“I was thinking of dying. It would be great, like Kodro’s sacrifice, if I drank from the poisoned cup. Then no one would be able to change my laws. However, Athens still needs me. One must assume that Lykurgos and Miltiades, the sons of Kypselos, and Megakles, and my relative Peisistratos would tear the country to shreds in the event of my death. I consider Peisistratos, who relies upon the grumpy Diakrians, to be the most dangerous of all, because he is the nicest. That’s why I want to arrange matters so that I do not lose all contact with the people, even if I withdraw from them. I want to go on a long trip. I will take my leave of the citizens. By the time I come back, my laws will be as familiar to them as their daily bread. During my absence, nobody will dare to change my work for fear of my revenge upon my return. From a distance, Solon is more terrifying than the one they can see every day. That’s how I shall protect my laws from parties and tyrants, and from myself. ”
Solon was as good as his word. He was determined to stay away from his country of birth for ten years. He explained to his citizens that, after fulfilling his duty as an archon, he must now be mindful of his own business. Because he asked for no favors from the state. He was a merchant, and didn’t want to be anything else.
Solon’s farewell deeply saddened the Athenians, but the general discontent changed into gratitude and affection as the lawmaker left the state. Soon, he was sailing across the wine-colored sea. With a loving gaze, he took a final look at the coast of Attica, which was fading as the Sun set, and becoming dim as it disappeared. He heaved a sigh and his eyes filled with tears. Then poetry consoled him. While the ship was gliding past the rosy Cyclades, past Andros, Tenos, Naxos, and later also Rhodes, out into the Carpathian Sea, Solon distracted himself from his longing by singing happy hexameters. As in his youth, he became once again a simple merchant and poet.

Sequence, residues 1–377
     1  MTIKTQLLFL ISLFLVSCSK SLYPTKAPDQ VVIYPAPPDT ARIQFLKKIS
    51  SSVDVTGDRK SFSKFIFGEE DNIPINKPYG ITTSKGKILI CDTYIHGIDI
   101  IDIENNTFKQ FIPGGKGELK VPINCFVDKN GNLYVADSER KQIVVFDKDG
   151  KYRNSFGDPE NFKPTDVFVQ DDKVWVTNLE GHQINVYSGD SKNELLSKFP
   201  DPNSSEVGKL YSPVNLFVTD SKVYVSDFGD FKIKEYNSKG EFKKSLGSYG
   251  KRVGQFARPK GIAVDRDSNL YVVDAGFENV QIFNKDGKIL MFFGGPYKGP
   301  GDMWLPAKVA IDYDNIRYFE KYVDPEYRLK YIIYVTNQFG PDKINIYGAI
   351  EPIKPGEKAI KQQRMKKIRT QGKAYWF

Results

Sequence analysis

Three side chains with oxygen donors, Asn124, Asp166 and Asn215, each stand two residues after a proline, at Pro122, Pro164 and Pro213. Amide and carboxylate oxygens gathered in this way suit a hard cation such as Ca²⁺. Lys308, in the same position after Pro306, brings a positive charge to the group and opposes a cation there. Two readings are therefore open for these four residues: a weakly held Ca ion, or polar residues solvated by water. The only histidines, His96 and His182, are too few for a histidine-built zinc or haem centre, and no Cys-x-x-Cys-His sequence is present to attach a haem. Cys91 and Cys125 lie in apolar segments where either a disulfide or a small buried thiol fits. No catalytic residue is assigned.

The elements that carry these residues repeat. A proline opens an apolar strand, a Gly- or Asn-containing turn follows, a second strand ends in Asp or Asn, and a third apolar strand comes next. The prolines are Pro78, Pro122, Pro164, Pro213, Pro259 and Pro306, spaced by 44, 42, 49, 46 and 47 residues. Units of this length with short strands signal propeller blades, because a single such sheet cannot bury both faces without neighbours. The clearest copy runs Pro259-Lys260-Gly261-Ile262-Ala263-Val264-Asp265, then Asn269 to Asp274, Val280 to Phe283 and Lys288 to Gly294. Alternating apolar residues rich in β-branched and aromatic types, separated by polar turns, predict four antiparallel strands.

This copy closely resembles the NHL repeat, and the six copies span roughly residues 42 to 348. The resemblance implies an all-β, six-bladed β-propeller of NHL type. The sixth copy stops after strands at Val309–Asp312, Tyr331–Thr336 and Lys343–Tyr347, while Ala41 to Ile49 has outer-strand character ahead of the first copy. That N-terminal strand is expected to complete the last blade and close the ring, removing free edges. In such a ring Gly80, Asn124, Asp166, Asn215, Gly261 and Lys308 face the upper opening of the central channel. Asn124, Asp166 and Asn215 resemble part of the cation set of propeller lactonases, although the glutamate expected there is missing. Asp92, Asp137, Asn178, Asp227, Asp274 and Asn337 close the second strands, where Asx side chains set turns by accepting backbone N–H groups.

First of all, he had a long stay in Egypt. Here, Psenophis from Heliopolis and Sonchis from Sais befriended him during the hours when he was contemplative. To these clever and learned priests, he owed the first news of the island of Atlantis, which shimmered beyond the pillars of Heracles day after day and disappeared from the surface of the sea because it was so wonderful. After soaking up the wisdom of the Egyptians like a sponge, Solon continued his travels.
In Cyprus, he enjoyed the royal hospitality of a ruler, which he repaid in kind in his unique style. He advised and helped the king, whose city Aepeia was on an inconvenient hill, to move the whole city down and rebuild it on a magnificent plain. Solon did this because his gaze was always munificent and focused on people’s well-being. The king named the new city Soloi in honor of the noble Athenian.
From Cyprus, Solon traveled to Sardis, ruled by Kroisos, the wealthy king of Lydia. Initially, Kroisos wanted to make an impression on Solon by showing off his treasures in the manner of vulgar people. The Greek looked at this extravagant pomp with a polite calm. He did not express the admiration Kroisos expected, which rather hurt the vain Lord of Lydia. Nevertheless, he remained benevolent to his guest, even patiently enduring his overly philosophical remarks about the nature of true happiness. If Solon, in his voluntary exile, believed that no one could be described as being happy before death, Kroisos knew better. He ”was” happy. He had Lydia, the prosperous city, all of which belonged to him and all of whose citizens obeyed him. They had nothing to fear from the Persians or Greeks. There was a great sense of calm inside the state, which made his reign pure joy. Added to this was the comfort his own family brought. A young daughter, called Omphale after the legendary Queen of Lydia, bloomed for Kroisos and was lovely to look at. Kroisos also knew how to enjoy life in an exquisite way. He exercised pleasures of the mind, without which wealth and power could only give joy to small minds. He welcomed artists and philosophers and treated them with grace, and the elites of Hellas were his friends. Thus, for example, at this time the fabled poet Aesop was also his guest in Sardis. Kroisos revealed to this enlightened poet, in a moment of candor, his astonishment at Solon’s calm indifference.